d. Advantages of the Frame Over the Prior Art
The preferred embodiments of the invention described above illustrate how the invention achieves the object of the invention and how the invention is advantageous over the prior art.
The invented method for manufacturing a frame for a human-powered vehicle can be used to produce large quantities of frames rapidly at a very low cost. Injection molding is well known in the art as a very low labor and low cost process. Partial shells that make up the invented frame can be injection molded by a single laborer at the rate of approximately one per minute. Labor costs to assemble the partial shells into a frame are minimal because the protrusions act as a firm guide in precisely aligning the partial shells for quick, foolproof assembly. This reduces labor costs substantially over prior art methods. Minor clamping pressure, or the pressure caused by the fasteners (i.e. screws, bolts, etc.), is adequate to hold the partial shells precisely aligned together in correct position during curing of the bonding means without the need for expensive jigs or other fixturing. The cost of fiber-filled structural thermoplastic injection moldable materials used in the invention is generally less than the cost of fiber/thermoset-resin composite materials, and compares favorably with metal alloys commonly currently used in lightweight human-powered vehicle frames (such as in bicycles and wheelchairs). The extremely low labor cost, combined with the favorable material costs, results in a low cost frame.
The invented frame also has definite weight advantages over prior art frames. At the angles and bends of the invented frame, the injection moldable fiber-reinforced plastic material flows around without discontinuity such as is found in the joints of a welded-tube or tube-and-lug frame. Thus additional, heavy build-up is unnecessary at the angles and bends of the invented frame. And unlike inflation-cured shells, there is no excess build-up of materials at the angles and bends. The injection molding art is well known to be able to control part thickness such that every area of the frame can have the optimum design thickness for its required strength characteristics, but without any excess, thus saving weight.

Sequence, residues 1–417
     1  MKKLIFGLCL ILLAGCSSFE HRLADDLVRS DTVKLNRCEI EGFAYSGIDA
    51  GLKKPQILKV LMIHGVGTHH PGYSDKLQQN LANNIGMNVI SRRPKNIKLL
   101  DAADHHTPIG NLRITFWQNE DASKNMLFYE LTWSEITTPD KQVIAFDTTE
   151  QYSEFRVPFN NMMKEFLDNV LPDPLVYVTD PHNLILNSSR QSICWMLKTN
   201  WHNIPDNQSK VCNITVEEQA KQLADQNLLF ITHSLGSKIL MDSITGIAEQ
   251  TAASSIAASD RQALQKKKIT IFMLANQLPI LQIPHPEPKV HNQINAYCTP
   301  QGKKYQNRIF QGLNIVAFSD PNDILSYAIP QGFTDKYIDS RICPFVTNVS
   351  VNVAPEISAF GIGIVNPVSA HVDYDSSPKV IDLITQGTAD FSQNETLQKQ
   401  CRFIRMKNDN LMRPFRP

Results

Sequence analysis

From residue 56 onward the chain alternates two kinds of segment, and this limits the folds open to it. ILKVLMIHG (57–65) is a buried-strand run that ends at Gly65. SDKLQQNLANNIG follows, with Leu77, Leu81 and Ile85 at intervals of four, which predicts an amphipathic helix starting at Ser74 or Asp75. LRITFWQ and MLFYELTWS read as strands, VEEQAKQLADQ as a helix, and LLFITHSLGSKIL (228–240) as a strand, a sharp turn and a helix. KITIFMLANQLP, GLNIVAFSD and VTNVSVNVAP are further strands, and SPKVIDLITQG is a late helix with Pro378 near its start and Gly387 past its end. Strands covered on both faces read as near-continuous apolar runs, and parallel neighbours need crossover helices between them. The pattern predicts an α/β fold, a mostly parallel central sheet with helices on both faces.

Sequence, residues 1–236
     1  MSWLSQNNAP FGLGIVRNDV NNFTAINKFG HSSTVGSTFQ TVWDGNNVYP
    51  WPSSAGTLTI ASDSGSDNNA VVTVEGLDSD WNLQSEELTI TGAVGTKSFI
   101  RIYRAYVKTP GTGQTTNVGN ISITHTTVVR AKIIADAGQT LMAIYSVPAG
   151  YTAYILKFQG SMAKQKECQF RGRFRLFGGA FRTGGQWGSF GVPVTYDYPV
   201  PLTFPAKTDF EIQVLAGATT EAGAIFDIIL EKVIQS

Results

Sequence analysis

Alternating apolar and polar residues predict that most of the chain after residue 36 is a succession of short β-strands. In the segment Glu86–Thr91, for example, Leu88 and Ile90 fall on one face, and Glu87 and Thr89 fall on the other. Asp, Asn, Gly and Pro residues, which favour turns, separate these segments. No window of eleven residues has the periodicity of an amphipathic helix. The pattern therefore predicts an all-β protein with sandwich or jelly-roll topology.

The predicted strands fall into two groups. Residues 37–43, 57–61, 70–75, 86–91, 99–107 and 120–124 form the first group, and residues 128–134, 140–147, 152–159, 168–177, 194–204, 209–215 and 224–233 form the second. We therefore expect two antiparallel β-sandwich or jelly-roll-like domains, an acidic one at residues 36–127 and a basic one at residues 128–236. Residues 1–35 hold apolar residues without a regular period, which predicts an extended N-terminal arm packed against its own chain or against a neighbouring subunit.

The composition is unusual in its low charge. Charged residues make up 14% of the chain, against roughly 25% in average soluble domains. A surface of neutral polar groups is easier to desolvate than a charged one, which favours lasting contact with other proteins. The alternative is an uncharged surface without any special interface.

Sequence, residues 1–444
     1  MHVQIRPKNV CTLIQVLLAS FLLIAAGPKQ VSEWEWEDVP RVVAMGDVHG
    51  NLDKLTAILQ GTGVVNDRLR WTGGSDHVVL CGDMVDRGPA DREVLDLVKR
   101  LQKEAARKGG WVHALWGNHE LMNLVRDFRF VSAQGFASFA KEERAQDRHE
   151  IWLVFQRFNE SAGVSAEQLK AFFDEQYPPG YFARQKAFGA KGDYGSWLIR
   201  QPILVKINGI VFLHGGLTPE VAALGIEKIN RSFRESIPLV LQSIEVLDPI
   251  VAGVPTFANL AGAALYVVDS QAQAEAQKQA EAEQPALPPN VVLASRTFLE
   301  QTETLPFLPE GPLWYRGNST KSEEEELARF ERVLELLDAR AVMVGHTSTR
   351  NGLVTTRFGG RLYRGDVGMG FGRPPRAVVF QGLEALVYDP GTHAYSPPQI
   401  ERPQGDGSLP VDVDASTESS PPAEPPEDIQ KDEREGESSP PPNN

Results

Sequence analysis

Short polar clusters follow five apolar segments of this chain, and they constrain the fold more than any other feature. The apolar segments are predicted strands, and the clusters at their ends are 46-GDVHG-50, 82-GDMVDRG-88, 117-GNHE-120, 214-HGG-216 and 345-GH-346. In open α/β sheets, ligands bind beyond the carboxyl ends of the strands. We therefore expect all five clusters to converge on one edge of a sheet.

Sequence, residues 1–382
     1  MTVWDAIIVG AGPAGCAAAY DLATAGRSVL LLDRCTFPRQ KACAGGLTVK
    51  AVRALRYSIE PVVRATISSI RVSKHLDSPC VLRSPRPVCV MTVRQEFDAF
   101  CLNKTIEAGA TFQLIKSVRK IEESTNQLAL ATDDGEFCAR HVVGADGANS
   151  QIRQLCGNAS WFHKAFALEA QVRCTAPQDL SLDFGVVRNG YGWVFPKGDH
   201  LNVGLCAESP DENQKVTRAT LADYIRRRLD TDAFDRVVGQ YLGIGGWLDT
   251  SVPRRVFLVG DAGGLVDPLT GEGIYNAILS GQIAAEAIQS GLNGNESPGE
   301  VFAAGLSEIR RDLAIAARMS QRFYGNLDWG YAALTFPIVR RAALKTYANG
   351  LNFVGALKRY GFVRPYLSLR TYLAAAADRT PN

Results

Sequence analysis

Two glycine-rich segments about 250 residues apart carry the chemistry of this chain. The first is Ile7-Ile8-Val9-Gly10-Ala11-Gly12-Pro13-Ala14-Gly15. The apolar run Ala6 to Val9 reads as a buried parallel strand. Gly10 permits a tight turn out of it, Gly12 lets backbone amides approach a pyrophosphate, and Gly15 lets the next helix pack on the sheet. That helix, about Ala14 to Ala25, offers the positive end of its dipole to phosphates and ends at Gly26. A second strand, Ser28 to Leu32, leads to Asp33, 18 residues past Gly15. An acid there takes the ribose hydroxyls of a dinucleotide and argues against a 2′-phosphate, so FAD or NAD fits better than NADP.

The invented frame also results in an aesthetically attractive frame. The completed assembled frame of the invention can be designed to have the same attractive appearance (i.e. free flowing lines) as the heavier, more expensive inflation-cured monocoque shell frames. Various shapes for the tubing of the invented frame can be chosen as well, whether for appearance or aerodynamic considerations.
The invented frame is also free of exposed edges, areas which trap dirt, mud, and debris, and it is easy to clean. The closed and complete shell tubing of the invention adds torsional strength and stiffness over prior art designs. Unlike the similarly light and inexpensive truss structure frames, the invented frame uses partial shells are joined in such a fashion that a complete shell without unprotected openings results. The frame has no exposed thin edges for greater damage resistance, and no areas which tend to trap dirt, mud, and debris, and thus cleaning the frame is easy.
The invented frame characteristics and manufacturing process can be used to manufacture principle structural members of lightweight vehicles other than the frame. For example, a bicycle handlebar can be made from two half shells of the invention which join to make a resulting tubular handlebar. A rigid wheel can be made from a right half shell and a left half shell which join to form a wheel complete with tire rim. Any other structural members of lightweight human-powered vehicles which are otherwise made by the three prior art methods mentioned above (i.e. (1) Joined tubing, (2) inflation cured shells, and (3) truss structures) can be made once the invention is known. For example, the characteristics of the invention can be employed to manufacture wheelchair foot rests, wheelchair back rests, wheelchair side frames, hang glider wing frames, and others.